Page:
LGBTQIA Fiction to Keep You Sane

If I’ve learned anything at all from 2020, it’s that winter in quarantine can be long without some form of escapism. While other people had their sourdough bread adventures or their punch needle embroidery forays, I tried to dive into the thickest and juiciest queer books I could find (and the PCP-fever-dream-induced experience that was Tiger King.)

There’s just a certain kind of unsurmountable joy in walking around a bookstore, knowing that any one of these dense rectangular repositories of experience could be the one to entertain you for countless hours, or even years. They’re magical!

Tsundoku is a word in Japanese that refers to the act of compulsively buying books and letting them pile up around you. In addition to some other idiosyncratic quirks, I most definitely would be considered someone who relishes in tsundoku. Some people in the West might call that hoarding, but I disagree. Hoarding implies a certain level of distress, and the only anguish I feel is when I realize just how many books I have left to read. No fear! I have a plan. I’ll be buried like a pharaoh, surrounded by all the books I never managed to finish in my lifetime so I can read them all for eternity.

As I mentioned earlier, my latest obsession has been with queer/LGBTQIA literature and graphic novels. When you rarely see the delicate intricacies of your identity represented in mainstream media, books and comics become the salve to soothe your cis-heterosexual-inflicted wounds. 

What kind of queer books? I’m talking gay, lesbian, trans, asexual, aromantic… I want them all! I especially look for books that combine these identities with polyamory, because I think I speak for everyone when I say, enough with the love triangles, let’s make some love rhombuses.

Here are the latest hot finds I’ve read that are queer AF.

1. Laura Dean Keeps Breaking Up with Me 
Mariko Tamaki

Illustrated by Rosemary Valero-O’Connell
First Second Books

Ah, love. As a dear friend of mine and I agreed: love is like being on MDMA for a week, then recovering for a year. It’s a heart-wrenching, vulnerable experience where you connect so intimately with someone at the risk of getting your heart stomped.

No one knows this more than Freddie, a young lesbian teen who keeps getting dumped by her cooler-than-thou girlfriend Laura. Friends and fortune tellers insist that Freddie needs to end it for good, but Freddie races blindly back to Laura every time. Let’s face it, who hasn’t experienced a love like that?

Read it for the calm, beautiful drawings that are reminiscent of lo-fi music and scrolling through the #aesthetic tag on Instagram, and for the sweet relatable story.

2. Cemetery Boys
Aiden Thomas
Swoon Reads

October and Halloween might have just passed, but are you still having a deep yearning for more spooky content? Aiden Thomas has got your back with his first novel 
Cemetery Boys.

Yadriel is a young gay trans boy trying to prove himself as a man and 
brujo to his Latinx family, who have had difficulty accepting him. While trying to solve his cousin’s murder, Yadriel accidentally summons the ghost of a fellow student—and then has to navigate catching a killer while keeping his new smart-aleck ghost pal from becoming a vicious poltergeist (or a crush).

This is a fun read that promises a balm for the “magical boy in a magical world”-shaped hole in our hearts left by the disappointment of She-Who-Must-Not-Be-Named.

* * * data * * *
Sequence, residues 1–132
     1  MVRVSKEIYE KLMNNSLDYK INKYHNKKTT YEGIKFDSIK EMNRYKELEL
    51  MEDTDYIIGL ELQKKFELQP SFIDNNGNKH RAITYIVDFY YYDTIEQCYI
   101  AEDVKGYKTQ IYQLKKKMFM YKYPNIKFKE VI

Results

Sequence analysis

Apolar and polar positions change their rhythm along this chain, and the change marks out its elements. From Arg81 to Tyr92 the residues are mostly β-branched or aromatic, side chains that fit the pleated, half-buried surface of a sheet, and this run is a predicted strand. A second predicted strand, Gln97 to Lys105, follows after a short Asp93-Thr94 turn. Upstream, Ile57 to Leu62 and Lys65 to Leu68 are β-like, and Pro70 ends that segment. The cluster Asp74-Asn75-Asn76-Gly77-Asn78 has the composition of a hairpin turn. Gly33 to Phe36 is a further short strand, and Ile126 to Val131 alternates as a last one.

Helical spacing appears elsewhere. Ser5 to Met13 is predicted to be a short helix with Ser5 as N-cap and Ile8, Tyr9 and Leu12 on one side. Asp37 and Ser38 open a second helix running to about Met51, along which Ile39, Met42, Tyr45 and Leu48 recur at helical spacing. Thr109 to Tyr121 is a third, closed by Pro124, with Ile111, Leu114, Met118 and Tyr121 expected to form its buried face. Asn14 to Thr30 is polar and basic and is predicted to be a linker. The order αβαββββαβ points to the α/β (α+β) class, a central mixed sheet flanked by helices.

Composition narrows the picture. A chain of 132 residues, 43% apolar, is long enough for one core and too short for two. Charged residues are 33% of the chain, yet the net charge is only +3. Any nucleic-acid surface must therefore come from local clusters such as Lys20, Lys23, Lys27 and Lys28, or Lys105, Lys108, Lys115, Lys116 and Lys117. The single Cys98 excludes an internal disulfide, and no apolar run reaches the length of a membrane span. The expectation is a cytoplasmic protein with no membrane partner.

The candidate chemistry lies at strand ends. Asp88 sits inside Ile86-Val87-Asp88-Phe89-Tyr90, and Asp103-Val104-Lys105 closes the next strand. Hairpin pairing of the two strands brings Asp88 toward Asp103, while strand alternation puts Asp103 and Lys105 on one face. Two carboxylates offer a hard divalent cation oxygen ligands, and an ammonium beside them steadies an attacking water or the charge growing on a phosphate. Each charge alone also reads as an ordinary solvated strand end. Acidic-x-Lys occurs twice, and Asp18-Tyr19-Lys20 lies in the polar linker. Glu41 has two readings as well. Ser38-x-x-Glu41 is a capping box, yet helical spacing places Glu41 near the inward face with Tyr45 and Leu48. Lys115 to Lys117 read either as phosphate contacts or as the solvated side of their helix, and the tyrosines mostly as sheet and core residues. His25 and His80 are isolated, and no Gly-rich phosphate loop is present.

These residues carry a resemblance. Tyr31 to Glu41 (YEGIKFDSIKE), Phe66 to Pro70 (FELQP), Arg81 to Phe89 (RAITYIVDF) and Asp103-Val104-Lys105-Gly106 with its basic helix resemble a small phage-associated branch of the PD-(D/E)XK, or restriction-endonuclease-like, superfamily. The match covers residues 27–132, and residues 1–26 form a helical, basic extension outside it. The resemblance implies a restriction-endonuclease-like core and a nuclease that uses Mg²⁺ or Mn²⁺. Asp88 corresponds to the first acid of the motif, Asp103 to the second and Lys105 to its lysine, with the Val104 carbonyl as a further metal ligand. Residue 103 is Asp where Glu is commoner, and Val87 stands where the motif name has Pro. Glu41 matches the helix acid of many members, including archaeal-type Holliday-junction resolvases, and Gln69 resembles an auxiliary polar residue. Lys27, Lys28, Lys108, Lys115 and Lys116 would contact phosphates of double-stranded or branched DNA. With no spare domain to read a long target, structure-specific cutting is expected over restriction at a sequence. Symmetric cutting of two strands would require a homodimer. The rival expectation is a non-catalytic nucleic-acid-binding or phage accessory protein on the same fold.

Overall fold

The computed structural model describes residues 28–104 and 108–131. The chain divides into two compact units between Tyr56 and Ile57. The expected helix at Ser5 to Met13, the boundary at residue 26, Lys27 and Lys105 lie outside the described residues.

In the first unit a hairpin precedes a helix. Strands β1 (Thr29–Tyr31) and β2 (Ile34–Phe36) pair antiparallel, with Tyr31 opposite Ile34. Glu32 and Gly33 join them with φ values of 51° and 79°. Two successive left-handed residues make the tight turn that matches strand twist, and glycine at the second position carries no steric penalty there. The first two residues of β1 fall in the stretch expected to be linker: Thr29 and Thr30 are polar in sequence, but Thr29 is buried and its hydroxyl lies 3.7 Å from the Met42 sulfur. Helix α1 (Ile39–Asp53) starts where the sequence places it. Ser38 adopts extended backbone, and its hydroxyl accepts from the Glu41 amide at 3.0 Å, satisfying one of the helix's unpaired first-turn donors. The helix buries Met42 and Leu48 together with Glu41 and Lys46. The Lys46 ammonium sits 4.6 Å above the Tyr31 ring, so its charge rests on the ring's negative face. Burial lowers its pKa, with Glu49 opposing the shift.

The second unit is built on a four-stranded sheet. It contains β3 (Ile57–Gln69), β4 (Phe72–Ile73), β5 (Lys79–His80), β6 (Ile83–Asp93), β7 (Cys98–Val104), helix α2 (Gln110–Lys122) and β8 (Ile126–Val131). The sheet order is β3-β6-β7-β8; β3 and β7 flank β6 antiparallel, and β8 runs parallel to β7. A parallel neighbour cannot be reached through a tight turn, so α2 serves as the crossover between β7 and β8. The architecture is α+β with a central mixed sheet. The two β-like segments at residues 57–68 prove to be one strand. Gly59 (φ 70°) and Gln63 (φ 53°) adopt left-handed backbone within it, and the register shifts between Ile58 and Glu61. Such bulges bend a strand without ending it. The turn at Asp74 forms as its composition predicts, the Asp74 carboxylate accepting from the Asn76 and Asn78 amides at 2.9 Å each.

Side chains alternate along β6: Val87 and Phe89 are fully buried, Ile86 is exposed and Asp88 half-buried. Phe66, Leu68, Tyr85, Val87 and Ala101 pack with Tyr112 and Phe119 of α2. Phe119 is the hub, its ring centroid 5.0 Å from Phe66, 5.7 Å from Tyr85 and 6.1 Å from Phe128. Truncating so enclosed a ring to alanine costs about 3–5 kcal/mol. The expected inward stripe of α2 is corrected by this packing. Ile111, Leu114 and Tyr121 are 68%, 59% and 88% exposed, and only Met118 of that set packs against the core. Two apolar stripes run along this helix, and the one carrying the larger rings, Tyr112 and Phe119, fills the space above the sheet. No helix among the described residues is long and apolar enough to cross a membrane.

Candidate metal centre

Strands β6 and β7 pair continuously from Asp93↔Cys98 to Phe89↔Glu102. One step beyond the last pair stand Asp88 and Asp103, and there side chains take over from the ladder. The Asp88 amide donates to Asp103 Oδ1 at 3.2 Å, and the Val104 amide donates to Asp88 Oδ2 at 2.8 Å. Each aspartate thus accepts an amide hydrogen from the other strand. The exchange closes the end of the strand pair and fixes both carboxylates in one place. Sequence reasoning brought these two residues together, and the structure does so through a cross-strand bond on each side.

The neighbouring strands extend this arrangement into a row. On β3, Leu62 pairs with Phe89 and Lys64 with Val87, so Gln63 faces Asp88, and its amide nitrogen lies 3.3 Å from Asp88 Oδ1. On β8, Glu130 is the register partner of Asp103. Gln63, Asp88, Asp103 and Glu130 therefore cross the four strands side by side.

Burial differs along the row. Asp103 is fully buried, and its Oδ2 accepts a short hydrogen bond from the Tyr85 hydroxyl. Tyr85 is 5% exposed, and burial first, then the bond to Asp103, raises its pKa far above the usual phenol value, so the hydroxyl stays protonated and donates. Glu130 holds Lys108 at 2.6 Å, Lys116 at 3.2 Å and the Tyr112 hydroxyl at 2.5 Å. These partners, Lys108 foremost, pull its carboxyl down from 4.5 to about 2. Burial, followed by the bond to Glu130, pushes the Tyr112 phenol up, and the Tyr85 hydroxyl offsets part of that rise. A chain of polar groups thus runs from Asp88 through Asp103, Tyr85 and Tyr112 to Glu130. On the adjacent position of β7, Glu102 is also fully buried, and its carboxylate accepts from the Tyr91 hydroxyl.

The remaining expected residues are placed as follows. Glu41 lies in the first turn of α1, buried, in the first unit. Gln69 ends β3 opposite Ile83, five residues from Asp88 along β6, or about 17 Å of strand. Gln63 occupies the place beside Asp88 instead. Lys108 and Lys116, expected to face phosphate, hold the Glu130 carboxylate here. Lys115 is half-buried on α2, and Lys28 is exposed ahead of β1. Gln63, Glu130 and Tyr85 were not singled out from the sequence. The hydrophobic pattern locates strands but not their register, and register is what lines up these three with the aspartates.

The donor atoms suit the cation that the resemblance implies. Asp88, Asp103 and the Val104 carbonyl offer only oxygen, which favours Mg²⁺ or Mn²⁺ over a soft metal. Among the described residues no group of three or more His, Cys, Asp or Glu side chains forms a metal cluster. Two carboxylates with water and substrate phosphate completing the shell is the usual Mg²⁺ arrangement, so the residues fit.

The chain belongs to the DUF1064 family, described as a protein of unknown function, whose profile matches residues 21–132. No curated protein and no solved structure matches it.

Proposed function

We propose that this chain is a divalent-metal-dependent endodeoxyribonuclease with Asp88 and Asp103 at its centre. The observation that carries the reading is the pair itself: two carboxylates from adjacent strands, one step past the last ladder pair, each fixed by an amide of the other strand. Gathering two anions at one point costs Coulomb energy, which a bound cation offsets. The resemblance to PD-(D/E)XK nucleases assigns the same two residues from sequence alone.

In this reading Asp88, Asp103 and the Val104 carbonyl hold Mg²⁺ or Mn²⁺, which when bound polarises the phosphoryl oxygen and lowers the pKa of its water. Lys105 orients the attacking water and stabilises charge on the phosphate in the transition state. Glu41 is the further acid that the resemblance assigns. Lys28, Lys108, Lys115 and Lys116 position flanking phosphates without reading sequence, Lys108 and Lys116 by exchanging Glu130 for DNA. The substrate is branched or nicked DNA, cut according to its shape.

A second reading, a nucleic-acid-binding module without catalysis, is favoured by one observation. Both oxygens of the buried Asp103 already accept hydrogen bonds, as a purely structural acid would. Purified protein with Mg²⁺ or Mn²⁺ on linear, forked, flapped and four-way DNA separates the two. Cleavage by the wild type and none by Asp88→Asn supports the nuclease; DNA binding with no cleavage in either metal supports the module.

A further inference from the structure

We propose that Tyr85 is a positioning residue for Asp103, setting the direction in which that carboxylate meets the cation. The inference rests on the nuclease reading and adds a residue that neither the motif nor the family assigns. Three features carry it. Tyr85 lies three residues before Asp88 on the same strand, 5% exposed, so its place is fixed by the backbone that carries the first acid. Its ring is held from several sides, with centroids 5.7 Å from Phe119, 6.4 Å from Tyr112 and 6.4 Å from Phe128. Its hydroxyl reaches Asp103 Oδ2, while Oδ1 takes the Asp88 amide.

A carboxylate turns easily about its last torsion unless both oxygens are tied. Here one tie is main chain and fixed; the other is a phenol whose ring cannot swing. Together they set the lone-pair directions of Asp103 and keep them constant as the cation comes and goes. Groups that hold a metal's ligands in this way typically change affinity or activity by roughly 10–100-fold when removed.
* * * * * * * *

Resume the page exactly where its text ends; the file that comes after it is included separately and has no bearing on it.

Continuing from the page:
3. The Gentleman's Guide to Vice and Virtue
Mackenzi Lee
Katherine Tegen Books

Do you like historical fiction, but struggle to find stories that actually touch on queer themes without drowning us in punishments served to our beloved main characters for their queerness? Do you like hints of magic? If so, this is the book for you.

Set in the 1700s, the story follows Monty, a pompous and self-defeating son of a nobleman, as he sets off on a journey with his medical-school-obsessed sister and his violinist friend Percy, who suffers from a misunderstood condition. Meant to be a quick European tour, their vacation takes a wild turn as they flee a murderous foe seeking the return of a precious, mystical object.

It’s a wonderful adventure from start to finish. Monty is an absolute scamp and definitive “chaotic bisexual” while Percy is soft-spoken, biracial and gay. Monty’s sister tolerates the romantic drama between Monty and Percy while exuding pure asexual vibes. It’s a darling of a read, perfect for a cold winter’s day.

4. Gideon the Ninth
Tamsyn Muir

“Lesbian necromancers explore a haunted gothic palace in space!” —Charles Stross

That’s it. That’s the entire reason why you should read this book. NEXT! —But in all seriousness, friends recommended 
Gideon the Ninth to me promising it would change my life and blow my mind, and yes. If you are not drawn in by the gorgeous cover art, or the promise of lesbian necromancers in space, I worry for you. For a solid year, every time I curiously picked this up off the shelf in a bookstore, other clients or employees would appear out of thin air and express their undying love for Gideon the Ninth. Don’t hesitate like I did: go find a copy at your locally-owned bookstore (I highly recommend Argo) and get comfy, you’re in for a ride.

5. Shout Out 

Edited by Andrew Wheeler
TO Comix Press

Comics have always held a certain importance within the LGBTQIA community, and this book celebrates that history with a collection of short fictional comics by a variety of LGBTQIA comic creators.

Each comic is a sensory delight! If you’re like me, you’ll want more and crave full-length graphic novels featuring these characters. This collection features not just queer representation, but a huge dose of much-needed PoC fantasy by PoC creators!

I especially loved 
Amaranthine by Joamette Gil and Kelly